FHWA Updates Recommendations for Traffic Control Devices
FHWA recently released updates to the Manual on Uniform Traffic Control Devices (MUTCD). Among the revisions, FHWA engineers recommend that States consider a number of improvements, including incident management signs with fluorescent pink backgrounds to alert drivers about traffic crashes, and larger print on road signs to improve readability for older drivers. "Animated eyes"—an illuminated rendition of a pair of eyes looking back and forth—could help caution pedestrians at intersections. The new standards and guidance for traffic control devices, like highway signs and traffic signals, can increase safety and mobility for older drivers, pedestrians, bicyclists, and construction workers.
Older drivers will benefit from turn-path pavement markings at intersections, which highlight the correct suggested curvature of the driver's turn. Guidelines for countdown signals that indicate the remaining time for a safe crossing for pedestrians and for in-street signs that focus the eyes of drivers on crosswalk activity will enhance safety for pedestrians. The revised manual also includes new provisions to help pedestrians with disabilities, such as using walls and rails to assist them in navigating walkways and audible devices to communicate sign information.
For construction workers, the manual calls for high-visibility clothing and increased use of barricade devices. It also provides specifications for posting travel reference signs at shorter intervals than the current mileposts. More frequent signs will help emergency responders report and locate the sites of breakdowns, crashes, and other incidents more effectively.
For more information, visit http://mutcd.fhwa.dot.gov/kno_2003.htm.
New Interstate Provides Link to Nevada's Capital
Nevada Governor Kenny Guinn formally awarded a major freeway contract at a recent ribbon-cutting ceremony for the Interstate 580 (I580) Freeway Extension Project, just off the Mount Rose Highway near Reno in the northern part of the State. The first phase of the new I580/U.S. 395 will cost $79.5 million and will include the construction of four bridges along the west side of the existing highway between Reno and Carson City. The freeway will bypass the State capital to the west, allowing travelers to circumvent the existing U.S. 395, which goes through Carson City.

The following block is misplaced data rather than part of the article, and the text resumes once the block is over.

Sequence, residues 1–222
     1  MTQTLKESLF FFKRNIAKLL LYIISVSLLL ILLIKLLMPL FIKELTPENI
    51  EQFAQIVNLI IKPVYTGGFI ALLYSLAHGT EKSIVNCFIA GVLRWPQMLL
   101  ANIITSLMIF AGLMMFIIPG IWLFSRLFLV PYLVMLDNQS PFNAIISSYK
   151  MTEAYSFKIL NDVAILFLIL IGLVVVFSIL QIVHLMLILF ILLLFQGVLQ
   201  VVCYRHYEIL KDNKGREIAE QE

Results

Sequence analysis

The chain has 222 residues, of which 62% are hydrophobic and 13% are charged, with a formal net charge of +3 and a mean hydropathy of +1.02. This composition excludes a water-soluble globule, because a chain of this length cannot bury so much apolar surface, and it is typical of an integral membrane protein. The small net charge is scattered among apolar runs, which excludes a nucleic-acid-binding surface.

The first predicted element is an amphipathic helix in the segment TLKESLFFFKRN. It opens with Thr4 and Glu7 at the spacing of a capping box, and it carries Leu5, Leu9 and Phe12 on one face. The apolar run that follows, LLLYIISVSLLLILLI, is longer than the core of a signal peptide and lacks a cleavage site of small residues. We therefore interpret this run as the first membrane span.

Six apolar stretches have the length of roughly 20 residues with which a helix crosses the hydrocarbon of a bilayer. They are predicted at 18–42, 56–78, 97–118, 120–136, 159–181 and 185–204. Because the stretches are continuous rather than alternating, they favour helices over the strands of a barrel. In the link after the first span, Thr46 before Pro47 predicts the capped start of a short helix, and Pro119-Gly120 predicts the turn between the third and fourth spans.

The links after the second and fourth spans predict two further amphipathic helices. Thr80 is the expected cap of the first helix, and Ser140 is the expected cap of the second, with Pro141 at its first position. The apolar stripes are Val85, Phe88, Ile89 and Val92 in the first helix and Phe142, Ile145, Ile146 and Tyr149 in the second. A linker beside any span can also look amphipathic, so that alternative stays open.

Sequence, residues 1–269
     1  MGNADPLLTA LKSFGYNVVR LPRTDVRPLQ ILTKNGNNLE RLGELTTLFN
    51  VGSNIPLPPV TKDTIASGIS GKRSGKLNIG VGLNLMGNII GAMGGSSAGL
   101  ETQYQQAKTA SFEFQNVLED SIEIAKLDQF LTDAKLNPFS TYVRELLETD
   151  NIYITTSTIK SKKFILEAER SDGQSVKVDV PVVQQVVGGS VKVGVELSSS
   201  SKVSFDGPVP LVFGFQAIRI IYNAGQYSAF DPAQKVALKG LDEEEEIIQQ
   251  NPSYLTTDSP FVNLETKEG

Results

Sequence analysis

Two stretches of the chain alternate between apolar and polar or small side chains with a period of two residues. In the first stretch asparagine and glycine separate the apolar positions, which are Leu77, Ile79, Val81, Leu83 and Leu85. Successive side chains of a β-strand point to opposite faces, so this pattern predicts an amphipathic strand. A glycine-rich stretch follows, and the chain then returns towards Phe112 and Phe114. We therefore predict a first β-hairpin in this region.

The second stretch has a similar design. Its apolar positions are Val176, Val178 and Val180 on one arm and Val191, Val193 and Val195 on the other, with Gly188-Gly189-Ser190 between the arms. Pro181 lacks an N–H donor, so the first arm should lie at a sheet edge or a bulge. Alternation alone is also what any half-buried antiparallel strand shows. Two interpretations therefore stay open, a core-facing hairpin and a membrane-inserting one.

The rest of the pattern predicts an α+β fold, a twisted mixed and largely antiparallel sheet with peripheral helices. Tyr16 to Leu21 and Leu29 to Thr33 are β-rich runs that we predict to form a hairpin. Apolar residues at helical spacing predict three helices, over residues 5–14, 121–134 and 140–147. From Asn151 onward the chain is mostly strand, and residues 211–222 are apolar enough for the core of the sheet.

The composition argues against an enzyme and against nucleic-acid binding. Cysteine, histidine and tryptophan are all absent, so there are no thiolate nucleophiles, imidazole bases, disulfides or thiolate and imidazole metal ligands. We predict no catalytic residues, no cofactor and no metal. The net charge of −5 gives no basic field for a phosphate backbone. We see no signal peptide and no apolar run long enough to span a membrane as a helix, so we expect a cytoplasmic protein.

|A photo simulation of the planned Galena Creek Bridge near Reno, NV. This bridge is one of nine that will be built as part of the I–580 Freeway Extension Project.|
According to the Nevada DOT, safety concerns are the primary reason for improving I580. U.S. 395 through Pleasant Valley, between Reno and Carson City, is considered one of the worst safety hazards in the State. An estimated 40,000 vehicles a day use the road, which is an undivided, four-lane highway with at-grade, unsignalized intersections. In addition to being a regional route for traffic between the two cities, U.S. 395 also serves as a local connector for residential areas. The completed I580 will provide a more direct passage to Carson City on a six-lane, limited-access freeway equipped with full-width shoulders, turnarounds for emergency vehicles, and pullouts for applying snow chains in the winter.
The freeway will cost a total of $310 million, making it the most expensive road construction project in northern Nevada. The Nevada DOT and Governor Guinn have placed the I580 Freeway Extension Project on an accelerated schedule, which should enable motorists to drive on the completed freeway by 2008.
Florida DOT Helps Seniors to Remain Viable Drivers
The driver rehabilitation program sponsored by the Florida DOT is helping older drivers make reasonable decisions about whether to continue driving. The 4-year-old program refreshes participants on their driving skills, employing trained therapists to test reaction times, cognitive understanding, and driving ability. Based on the tests, the therapists then provide recommendations about whether the drivers should keep driving or retire their keys. The assessments are forwarded to State authorities for enforcement.